There was also a promising RPG concept level called Omicron-Neon City, which had surprisingly good aesthetics, and a Heavy Rain-like adventure game called The Lost. Both of these levels were not fully realized and mostly showed how the creators had been able to create QTE based gameplay or town/building exploration required in any good RPG (more proof that HD RPGs can indeed have towns), but they show the amazing new things that are possible with the improvements to the editor. Media Molecule weren’t kidding when they said that LittleBigPlanet 2 wasn’t just a platformer anymore.
Speaking of the editor, I couldn’t possibly list all of the upgrades that have been made in the sequel, but I’ll touch on the biggest ones that I haven’t mentioned already. Probably the biggest addition for Joe Shmoe creators like myself is Sackbots: little programmable Sackboys that allow you to make AI controlled Sackboys in your levels, either as helpers or enemies. This addition works well with the new movie cameras, since you can force the Sackbot to act out a pre-recorded movement set and with a bit of camerawork you suddenly have a cut scene. Having an actual sackboy giving instructions at the beginning of your level using your own recorded voice through a headset is a far cry better than a cardboard cut out with a text box.
The other big improvement is that just about everything has been made easier to make. Instead of setting a platform to a piston and slowly tweaking it until you got the exact movement you wanted, you can now just place an object tweaker on the object you want to move in create mode and completely cut out the mechanical middle man. There is also actual computer logic available. Adept creators in LittleBigPlanet had already been using computer logic gates by making mechanical contraptions that simulated the input and output of an AND, OR, or NOR gate, but now you can again cut out the middle man and use the logic directly.
The added simplicity and decreased thermometer usage in create mode should allow creators to make much more complex and polished levels than before in the same amount of time. There are a plethora of other improvements such as gravity changing object tweakers, the ability to change a material’s properties part of the way through a level, and all kinds of new sensors, but you’ll have to see those for yourself. Just know that even if you don’t care about creating levels in the slightest, all of these additions allow those that do create levels to make them better than ever, so everyone benefits in the end.
Technically, visuals in LittleBigPlanet 2 aren’t really a huge jump from the original, but it’s a noticeable upgrade and the art design has significantly improved. There are 6 themes to the levels and each of them is a work of art. These themes feel much more inventive than the simpler Jungle, City, and Arctic based themes of the first game and really work well with the overall hand-made feel of LittleBigPlanet's visuals. One technical blemish is that there still seem to be some connectivity issues when loading online levels, just like in the first game.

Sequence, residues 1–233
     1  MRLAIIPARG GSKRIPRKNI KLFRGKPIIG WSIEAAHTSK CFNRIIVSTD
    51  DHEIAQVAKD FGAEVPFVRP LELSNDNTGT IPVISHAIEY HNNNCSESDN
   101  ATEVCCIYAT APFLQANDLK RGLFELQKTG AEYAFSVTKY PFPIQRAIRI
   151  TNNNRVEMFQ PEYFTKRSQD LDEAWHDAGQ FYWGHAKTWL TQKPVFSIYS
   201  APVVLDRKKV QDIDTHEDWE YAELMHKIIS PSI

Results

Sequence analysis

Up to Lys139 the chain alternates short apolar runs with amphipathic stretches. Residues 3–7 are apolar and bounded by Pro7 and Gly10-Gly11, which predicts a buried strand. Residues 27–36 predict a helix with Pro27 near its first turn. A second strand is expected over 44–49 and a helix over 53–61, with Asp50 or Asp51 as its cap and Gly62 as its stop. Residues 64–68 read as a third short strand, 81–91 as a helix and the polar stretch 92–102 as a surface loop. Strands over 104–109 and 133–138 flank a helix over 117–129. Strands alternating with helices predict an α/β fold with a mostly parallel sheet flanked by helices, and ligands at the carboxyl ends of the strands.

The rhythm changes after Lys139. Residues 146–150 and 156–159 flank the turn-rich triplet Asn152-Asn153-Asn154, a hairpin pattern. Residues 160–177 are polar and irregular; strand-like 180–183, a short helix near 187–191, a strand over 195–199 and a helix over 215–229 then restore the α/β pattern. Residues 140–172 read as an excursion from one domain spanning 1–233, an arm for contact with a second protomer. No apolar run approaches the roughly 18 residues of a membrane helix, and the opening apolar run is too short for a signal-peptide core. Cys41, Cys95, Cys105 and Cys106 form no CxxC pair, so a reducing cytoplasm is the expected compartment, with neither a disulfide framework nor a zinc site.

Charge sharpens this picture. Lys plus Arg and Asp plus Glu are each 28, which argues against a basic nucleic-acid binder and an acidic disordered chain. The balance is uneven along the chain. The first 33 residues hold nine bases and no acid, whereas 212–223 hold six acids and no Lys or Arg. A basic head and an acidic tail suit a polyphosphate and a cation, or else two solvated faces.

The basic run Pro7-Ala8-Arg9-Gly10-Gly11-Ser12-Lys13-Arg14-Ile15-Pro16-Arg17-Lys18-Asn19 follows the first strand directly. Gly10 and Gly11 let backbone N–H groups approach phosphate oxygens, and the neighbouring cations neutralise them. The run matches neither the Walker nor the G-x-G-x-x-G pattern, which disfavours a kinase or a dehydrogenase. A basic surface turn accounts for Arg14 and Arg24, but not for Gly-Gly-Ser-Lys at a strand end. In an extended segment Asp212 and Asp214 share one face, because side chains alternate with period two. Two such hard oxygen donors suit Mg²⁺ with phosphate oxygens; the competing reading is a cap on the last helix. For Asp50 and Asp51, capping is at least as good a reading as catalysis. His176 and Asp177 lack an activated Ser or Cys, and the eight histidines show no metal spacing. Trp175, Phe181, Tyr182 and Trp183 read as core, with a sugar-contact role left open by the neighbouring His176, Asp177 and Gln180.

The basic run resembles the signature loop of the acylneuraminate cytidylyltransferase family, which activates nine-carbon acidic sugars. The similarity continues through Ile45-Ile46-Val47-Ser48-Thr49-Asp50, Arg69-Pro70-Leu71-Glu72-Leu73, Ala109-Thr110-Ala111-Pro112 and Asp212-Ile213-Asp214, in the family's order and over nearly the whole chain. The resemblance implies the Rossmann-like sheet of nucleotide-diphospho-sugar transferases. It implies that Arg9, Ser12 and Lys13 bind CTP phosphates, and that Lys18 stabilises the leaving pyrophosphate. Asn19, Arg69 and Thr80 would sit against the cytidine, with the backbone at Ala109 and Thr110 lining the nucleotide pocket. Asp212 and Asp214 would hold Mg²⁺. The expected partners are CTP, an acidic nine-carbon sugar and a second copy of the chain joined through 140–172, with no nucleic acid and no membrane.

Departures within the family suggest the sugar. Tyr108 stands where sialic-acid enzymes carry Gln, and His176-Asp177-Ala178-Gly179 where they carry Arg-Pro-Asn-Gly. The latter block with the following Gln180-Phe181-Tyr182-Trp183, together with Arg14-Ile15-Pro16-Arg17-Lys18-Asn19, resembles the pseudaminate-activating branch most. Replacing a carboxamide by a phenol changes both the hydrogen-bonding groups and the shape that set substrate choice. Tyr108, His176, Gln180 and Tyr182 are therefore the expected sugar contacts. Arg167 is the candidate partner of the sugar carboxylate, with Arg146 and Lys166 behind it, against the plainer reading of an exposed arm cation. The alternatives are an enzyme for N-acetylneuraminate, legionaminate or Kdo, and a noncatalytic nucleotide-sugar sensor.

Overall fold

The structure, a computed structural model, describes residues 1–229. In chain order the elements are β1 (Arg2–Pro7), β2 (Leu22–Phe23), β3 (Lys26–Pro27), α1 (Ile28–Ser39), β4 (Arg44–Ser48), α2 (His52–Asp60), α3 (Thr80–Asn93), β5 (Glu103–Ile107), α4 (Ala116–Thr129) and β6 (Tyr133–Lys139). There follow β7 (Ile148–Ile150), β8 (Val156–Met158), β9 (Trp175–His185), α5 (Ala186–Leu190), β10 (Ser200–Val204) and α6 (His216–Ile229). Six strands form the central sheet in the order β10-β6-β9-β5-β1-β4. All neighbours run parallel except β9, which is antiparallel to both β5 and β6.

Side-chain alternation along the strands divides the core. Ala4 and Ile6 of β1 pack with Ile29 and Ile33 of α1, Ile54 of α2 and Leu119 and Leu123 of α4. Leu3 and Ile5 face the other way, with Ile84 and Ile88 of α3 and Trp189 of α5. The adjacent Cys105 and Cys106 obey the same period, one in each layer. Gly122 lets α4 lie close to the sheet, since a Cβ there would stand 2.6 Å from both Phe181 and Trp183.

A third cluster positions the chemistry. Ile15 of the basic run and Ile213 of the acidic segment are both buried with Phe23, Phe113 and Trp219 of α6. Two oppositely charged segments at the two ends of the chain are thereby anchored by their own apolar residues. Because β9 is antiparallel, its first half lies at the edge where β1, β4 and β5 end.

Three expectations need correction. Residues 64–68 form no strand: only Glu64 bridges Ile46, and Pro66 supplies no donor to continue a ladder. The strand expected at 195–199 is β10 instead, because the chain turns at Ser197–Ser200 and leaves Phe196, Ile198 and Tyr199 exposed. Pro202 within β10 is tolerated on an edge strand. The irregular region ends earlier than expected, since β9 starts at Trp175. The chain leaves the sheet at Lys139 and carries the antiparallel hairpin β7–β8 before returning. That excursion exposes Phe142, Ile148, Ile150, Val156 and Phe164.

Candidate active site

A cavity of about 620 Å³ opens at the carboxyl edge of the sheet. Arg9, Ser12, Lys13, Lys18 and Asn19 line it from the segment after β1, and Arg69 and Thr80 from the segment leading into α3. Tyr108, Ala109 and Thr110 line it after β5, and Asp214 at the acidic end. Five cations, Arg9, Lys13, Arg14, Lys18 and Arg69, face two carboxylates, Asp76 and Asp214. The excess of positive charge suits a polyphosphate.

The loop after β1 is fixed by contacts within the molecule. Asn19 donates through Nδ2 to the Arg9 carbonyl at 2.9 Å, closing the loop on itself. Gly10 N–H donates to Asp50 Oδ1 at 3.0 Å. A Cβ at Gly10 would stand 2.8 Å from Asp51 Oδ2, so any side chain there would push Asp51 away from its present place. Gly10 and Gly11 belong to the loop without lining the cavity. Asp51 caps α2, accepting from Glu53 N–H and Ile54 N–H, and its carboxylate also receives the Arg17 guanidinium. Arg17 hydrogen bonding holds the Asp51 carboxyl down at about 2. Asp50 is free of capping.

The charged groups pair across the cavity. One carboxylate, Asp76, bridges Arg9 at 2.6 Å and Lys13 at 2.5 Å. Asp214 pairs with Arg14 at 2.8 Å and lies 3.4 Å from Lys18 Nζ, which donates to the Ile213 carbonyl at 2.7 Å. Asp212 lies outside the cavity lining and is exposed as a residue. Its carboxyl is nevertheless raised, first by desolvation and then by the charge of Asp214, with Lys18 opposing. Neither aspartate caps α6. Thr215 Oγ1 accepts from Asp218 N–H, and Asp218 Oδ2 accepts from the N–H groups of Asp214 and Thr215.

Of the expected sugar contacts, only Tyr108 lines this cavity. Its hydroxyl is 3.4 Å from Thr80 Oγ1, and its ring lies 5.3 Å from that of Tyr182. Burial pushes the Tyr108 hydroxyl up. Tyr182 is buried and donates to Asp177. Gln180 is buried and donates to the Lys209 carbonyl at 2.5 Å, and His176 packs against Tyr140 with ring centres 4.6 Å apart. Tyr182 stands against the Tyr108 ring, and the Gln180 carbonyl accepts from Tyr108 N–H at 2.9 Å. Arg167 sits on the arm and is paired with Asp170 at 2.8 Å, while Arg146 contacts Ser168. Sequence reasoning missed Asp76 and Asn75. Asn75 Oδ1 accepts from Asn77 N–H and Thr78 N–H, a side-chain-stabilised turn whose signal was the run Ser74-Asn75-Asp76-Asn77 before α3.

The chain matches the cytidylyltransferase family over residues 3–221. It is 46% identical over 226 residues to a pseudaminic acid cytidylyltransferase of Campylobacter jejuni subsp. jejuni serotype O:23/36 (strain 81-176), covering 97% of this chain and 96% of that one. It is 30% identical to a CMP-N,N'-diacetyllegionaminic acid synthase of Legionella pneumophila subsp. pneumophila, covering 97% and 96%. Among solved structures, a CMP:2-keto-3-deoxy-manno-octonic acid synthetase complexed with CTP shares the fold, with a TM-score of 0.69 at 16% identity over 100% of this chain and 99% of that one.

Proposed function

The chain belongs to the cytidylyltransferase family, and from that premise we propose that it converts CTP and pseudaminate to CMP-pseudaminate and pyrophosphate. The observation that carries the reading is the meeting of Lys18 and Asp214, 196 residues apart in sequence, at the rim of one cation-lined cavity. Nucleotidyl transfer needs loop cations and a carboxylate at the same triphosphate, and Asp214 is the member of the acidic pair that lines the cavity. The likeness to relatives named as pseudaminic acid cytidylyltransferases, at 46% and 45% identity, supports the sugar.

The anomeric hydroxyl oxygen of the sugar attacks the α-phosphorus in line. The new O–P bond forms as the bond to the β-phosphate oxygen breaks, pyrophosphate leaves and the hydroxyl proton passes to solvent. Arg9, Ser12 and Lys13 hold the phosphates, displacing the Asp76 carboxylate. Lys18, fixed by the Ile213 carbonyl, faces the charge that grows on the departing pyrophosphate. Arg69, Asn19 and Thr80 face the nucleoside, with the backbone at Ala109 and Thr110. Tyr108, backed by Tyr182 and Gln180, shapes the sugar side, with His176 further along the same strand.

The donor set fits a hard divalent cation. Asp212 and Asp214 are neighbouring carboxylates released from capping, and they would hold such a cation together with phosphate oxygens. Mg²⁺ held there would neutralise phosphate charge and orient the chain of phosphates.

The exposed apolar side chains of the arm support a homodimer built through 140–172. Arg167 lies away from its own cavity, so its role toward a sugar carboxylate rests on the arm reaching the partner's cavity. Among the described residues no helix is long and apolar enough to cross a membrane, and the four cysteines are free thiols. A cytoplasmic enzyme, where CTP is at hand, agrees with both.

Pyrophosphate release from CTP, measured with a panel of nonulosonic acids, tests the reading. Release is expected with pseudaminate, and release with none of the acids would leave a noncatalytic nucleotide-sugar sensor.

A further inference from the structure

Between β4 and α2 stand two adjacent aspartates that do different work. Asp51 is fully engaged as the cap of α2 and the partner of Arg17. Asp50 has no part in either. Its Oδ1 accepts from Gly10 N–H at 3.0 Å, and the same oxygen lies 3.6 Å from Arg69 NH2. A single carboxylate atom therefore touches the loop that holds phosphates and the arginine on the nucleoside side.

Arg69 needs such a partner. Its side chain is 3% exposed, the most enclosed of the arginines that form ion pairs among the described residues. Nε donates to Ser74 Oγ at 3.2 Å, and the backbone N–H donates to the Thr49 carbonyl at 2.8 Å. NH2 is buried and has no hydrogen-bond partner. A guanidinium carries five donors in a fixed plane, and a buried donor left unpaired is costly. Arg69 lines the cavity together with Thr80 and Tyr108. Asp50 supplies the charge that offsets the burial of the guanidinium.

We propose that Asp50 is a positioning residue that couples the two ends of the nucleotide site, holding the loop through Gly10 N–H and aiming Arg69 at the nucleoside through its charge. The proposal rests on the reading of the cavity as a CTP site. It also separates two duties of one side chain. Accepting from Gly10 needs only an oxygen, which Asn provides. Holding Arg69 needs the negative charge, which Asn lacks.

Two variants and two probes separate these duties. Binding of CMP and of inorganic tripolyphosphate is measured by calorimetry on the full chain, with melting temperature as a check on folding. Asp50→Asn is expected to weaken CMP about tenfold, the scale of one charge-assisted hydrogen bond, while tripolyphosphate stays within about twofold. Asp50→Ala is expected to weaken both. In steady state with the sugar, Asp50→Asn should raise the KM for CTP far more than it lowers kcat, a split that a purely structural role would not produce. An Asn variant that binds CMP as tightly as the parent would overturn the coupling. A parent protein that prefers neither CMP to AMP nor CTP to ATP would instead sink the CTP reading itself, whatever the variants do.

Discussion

Music choice is another hit out of the park for Media Molecule; these guys really know how to choose some great licensed music for their levels. Each of these songs is then made available for editing, but you can go one step further and make your own music using the Music Sequencer. There are already some great renditions of gaming classics like “Buy Somethin’ Will Ya?” from Earthbound and “Interrupted by Fireworks” from Final Fantasy 7 in a Video Game Music Collection community level, but I’m mostly curious to see what kind of original music the community can come up with using the instruments available. The instruments seem to lend themselves more to classic gaming music over orchestral or rock game songs from things like Shadow of the Colossus or Persona 4. The music sequencer can also be linked to events in the level to perfectly time your level's actions with its theme music.
I know I’m going to get complaints for not giving LittleBigPlanet 2 a ten in value, but to me a single player campaign of only 6 hours for a platformer is way too short to give the game a perfect value score. You can argue with me all day about how the focus on community gives it a nearly endless amount of gameplay... and I would agree, but for $60 I think you should get more than 6 hours of campaign content from the developers. I love what's there, but I really feel like there should have been more. It’s still a game which offers amazing value, and the improvements to the menu system for searching through levels (including a filter system that allows you to filter for key words as well as single or multiplayer levels) will help to keep me playing this game every once in a while for years to come. That is, of course, assuming you have internet access for your Playstation 3, but if you don’t I would still recommend you play LittleBigPlanet 2, just don’t pay release day prices.
LittleBigPlanet 2 is everything a sequel should be - it stays true to the vision of the first game while adding feature upon feature. The graphics are improved, the gameplay additions are all fun, and the new editing features will allow the LBP community to give us lowly free loaders great levels to play for years to come. That said, the vehicle gameplay in the story campaign felt a little weak and the story campaign still only takes 6 hours to finish. Sackboy is once again the king of “Play.Create.Share.” and I wouldn’t have it any other way.